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Teaching my kids how to play a roleplaying game
Posted by WJWalton on Wed 16 of Nov., 2011 07:12 PST

Though I am doing all I can to help promote it, I will not be directly participating in Teach Your Kids to Game Week. I hope that doesn't sound hypocritical, but my current circumstances prevent it - I've got a heavy work week, and my time off this week will be spent helping my partner Paula get a job, and working on some other time-sensitive projects.

Also, there's another reason - I taught my kids to how to play a roleplaying game a long time ago. In fact, I think I'll share that story, and maybe it will inspire someone else to do the same. And maybe that will count as participation.

It was a rainy day, not much different than today, and my daughters were cooped up in the house, watching the same DVD they'd watched maybe a hundred times. I had been thinking about trying some sort of simple RPG with them in the recent weeks, but I wasn't sure if they were really ready - Aylish was 5, and Nolah only 3. But they were already somewhat accustomed to interactive storytelling, since one of our favorite pasttimes involved me making up a bedtime story on the fly, with the two of them interjecting characters and places and names and events whenever I stopped for a moment.

So, I switched off the TV and told them we were going to play a storytelling game. Ignoring their moans of despair, I pulled my copy of Teenagers From Outer Space off of the shelf, and handed them photocopies of the character sheets to look over, so that they could choose a character that they liked. (Yes, I had copies all ready to go. Remember, I said I had been thinking about this!)

I had even prepared for the possibility that both would choose the same character - "Okay, fine, you're twin sisters. We'll just rename one of you. You look exactly the same, and everyone always gets you confused, even your parents!" But they both managed to latch on to different characters that they liked, based on the pictures on the character sheets. One of the benefits of running TfOS for kids is that the character sheets all have illustrations of the anime characters on them.

For the benefit of those not familiar with the setting of Teenagers From Outer Space, it's an anime-themed RPG based around teens from various planets (including Earth) who go to a high school in space and deal with typical teenaged-type situations, but in a more humorous and outer-spacey way.

Another benefit of the game is that it comes with play money that you can photocopy and hand out to the players as allowance, pay from their summer jobs, and so on. Which I did, and told my two teenagers from outer space that they had just received their allowance money, and were taking the public shuttle to Planet Mall

What's that? Explain the rules of the game to them? Tell them how the dice work, and what their skill ratings mean, and all that? Yeah, sure, I got around it eventually. But by giving them a character sheet with a cool picture on it, sticking some play money in their hands, and telling them where their characters were and giving them a place to explore, I thrust them into the story in a way that was irresistable to them. They couldn't help but start exploring, and looking for places to spend their money.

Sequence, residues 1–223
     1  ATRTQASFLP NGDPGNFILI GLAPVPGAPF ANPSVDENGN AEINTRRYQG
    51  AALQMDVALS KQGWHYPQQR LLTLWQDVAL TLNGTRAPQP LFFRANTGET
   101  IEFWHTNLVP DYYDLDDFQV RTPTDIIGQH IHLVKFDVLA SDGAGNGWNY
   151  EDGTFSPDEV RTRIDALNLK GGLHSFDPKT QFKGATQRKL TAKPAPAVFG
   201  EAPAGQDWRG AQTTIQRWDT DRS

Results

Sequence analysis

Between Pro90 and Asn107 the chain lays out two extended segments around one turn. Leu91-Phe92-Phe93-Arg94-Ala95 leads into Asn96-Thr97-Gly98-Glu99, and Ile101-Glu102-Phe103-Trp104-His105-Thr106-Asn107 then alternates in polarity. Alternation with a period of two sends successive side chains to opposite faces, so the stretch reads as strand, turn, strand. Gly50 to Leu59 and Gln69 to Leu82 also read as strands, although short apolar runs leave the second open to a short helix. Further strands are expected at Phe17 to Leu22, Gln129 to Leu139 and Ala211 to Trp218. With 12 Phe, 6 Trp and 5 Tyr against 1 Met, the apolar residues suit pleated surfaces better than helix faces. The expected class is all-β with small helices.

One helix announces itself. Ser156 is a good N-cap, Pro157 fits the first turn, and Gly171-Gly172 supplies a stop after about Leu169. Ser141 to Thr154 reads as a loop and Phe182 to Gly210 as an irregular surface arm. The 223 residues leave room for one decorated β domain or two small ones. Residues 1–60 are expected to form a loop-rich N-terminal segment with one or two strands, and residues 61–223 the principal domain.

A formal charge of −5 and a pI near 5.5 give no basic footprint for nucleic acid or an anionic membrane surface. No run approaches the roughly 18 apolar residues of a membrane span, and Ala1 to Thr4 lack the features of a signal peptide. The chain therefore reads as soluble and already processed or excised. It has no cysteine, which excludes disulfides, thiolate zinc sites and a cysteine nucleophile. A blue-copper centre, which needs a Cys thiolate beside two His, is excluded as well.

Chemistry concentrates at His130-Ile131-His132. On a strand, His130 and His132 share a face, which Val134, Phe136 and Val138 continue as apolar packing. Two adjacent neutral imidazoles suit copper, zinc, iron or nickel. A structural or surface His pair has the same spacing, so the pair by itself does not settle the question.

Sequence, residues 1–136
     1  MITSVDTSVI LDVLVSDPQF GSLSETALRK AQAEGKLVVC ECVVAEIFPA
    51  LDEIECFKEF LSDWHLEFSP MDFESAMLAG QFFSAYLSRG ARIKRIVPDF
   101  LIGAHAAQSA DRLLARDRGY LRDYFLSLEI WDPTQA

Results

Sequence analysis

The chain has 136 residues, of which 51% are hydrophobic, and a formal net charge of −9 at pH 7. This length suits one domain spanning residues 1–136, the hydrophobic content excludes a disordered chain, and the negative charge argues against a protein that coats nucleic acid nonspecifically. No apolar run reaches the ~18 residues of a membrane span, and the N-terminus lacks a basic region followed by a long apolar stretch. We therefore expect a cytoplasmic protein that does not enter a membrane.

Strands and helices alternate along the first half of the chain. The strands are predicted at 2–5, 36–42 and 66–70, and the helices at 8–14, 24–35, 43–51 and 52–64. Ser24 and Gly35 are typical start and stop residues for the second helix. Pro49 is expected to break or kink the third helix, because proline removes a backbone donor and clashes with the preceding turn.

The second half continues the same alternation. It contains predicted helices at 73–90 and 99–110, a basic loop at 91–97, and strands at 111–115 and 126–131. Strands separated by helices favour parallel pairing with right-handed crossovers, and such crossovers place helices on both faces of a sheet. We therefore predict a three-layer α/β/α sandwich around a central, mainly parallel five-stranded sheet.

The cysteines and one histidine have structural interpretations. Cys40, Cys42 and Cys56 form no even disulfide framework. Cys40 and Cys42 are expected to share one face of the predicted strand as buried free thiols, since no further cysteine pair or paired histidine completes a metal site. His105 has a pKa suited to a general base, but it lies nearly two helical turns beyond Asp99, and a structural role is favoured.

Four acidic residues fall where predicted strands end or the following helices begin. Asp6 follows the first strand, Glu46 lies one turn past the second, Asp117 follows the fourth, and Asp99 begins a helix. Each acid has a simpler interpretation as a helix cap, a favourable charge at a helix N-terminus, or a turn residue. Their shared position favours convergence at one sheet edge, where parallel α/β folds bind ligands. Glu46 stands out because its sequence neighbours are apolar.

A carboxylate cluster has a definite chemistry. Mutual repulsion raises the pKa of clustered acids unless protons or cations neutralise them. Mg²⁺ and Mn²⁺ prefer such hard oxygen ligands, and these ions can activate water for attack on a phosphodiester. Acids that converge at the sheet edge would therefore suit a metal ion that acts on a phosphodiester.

After poking around in some shops to find something interesting to buy, the girls noticed that some of the people wandering about the mall concourse looked odd - they were moaning, shambling around like zombies, and were blue all over (not that it's particularly unusual to see blue folks at Planet Mall, mind you).

Eventually, they came to the plot of the story - someone was creating a mind-control serum and sneaking it into a slushie machine in the food court - and the victims were trying to force others to drink the blue-colored slushie so that they could become blue zombies, too!

Once the real story was underway, my girls had an opportunity to use their skills. That's when I explained how the system worked, in the simplest possible terms - roll the dice, add the number on your sheet to the number you rolled, and if it is higher than the number I told you to beat, then you did it! Nolah, who couldn't read yet and was still pretty shaky with adding, needed just a little help here, so I just told her to count the dots on her dice. I told her how many dots she needed, and let her tell me if she had "rolled enough dots" or not. At one point, she was looking at her character sheet at the list of skills, asking me what all of them said, and what she could do with them - she was completely on board with the concept of an RPG, she just couldn't read the words yet!

Eventually, they took down the bad guy who was poisoning the slushie machine and trying to take over Planet Mall. Aylish surprised me with a bit of ingenuity when she said she wanted to get one of the slushies and dump it over her head so that she would look like one of the blue zombies, so they would stop trying to attack her. (I hadn't even thought of that! Of course, I let it work for her - how could I not?) The poisoned mallgoers all recovered from the mind-control serum, the bad guy was arrested by the Interplanetary Police, and our heroes even got a cash reward for helping catch him!

And that is the story of how I taught my kids - ages 5 and 3 - how to play a roleplaying game.

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